The three episode titles that are publicly available confirm that we’ll see the show’s third wedding, this one between Connor and Willa, the escort turned playwright who has frequently stolen scenes from the siblings. (And had them stolen on her behalf: In Season 1’s “Austerlitz,” Logan’s mysterious third wife, Marcia, tells her that she once had a prostitute friend in Paris. The friend was murdered, she says, but not because of her profession—because of a restaurant “that went poof.”) Alan Ruck plays Connor on the brink of caricature, a rich layabout who imagines himself as one of history’s great men. Connor loves Willa but is not particularly interested in her; Willa’s occasional defenses of Connor betray some fondness, though not much beyond that. And yet it seems distinctly possible that the show is setting up this marriage of convenience as more sincere and viable than any of the other Roy relationships, which range from barely contained power struggles (Shiv and Tom) to base enabling (Kendall and Naomi Pierce, another media heir).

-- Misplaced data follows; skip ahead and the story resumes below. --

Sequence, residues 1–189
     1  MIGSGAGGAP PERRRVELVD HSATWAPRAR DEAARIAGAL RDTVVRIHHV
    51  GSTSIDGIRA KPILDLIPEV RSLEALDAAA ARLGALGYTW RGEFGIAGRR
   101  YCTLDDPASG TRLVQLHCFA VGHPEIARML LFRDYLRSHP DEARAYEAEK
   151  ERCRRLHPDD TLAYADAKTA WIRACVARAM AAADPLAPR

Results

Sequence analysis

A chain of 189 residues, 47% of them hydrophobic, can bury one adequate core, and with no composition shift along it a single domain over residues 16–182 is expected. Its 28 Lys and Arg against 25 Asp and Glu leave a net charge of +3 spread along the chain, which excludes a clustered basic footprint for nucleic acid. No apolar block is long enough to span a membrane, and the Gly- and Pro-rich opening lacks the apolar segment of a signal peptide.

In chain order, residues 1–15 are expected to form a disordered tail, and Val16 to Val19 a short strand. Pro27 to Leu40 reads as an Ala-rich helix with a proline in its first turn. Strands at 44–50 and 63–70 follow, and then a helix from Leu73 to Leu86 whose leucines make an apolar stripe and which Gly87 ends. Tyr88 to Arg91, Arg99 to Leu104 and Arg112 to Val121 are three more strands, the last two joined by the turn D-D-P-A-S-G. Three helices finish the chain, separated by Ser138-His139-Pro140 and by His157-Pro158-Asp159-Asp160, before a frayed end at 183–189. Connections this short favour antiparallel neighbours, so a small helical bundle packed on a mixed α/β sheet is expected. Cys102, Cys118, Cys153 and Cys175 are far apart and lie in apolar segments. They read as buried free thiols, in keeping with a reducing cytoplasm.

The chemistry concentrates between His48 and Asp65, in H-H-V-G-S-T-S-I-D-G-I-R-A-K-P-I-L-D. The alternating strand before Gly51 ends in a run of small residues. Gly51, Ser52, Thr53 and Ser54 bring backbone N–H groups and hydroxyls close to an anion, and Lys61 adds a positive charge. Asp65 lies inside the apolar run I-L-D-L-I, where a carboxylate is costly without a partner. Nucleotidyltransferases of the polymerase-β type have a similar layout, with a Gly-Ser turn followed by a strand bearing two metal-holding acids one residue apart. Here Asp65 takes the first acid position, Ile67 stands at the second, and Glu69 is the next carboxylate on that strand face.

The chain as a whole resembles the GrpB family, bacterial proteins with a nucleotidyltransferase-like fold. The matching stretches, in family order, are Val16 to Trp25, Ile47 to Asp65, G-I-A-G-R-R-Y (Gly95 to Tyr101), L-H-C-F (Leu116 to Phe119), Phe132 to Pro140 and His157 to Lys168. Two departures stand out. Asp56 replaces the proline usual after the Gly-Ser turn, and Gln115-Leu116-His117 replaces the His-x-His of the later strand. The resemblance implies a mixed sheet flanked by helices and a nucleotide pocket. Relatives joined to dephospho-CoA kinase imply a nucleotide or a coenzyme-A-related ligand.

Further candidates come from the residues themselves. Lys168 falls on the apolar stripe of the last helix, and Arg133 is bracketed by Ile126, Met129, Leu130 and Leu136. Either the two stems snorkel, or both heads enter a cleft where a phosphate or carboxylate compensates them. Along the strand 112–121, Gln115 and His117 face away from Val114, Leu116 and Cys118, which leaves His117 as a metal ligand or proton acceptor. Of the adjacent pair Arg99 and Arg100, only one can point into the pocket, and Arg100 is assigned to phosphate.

One gets the sense that Connor would have been happy marrying Willa any time, but the catalyst for his eventual proposal was a Politico story occasioned by his vanity campaign for president. Logan—like his real-world analogue, Rupert Murdoch—has tentacles reaching into numerous Western governments (as his British ex-wife’s new husband knows, begging him for ins with Parliament). But he has a special, and especially fraught, relationship with the Republican party in America. After ensuring that the sitting president will not run for reelection by publicizing, through implication, the symptoms of his mental decline, Logan and his inner circle have flirted—in Roman’s case, literally—with an internet-bred crypto-fascist named Jeryd Mencken. It is not a stretch to see this story line as a means to test the political extremes the family is willing to go to and perhaps to test the limits of legacy media’s reach in an election year.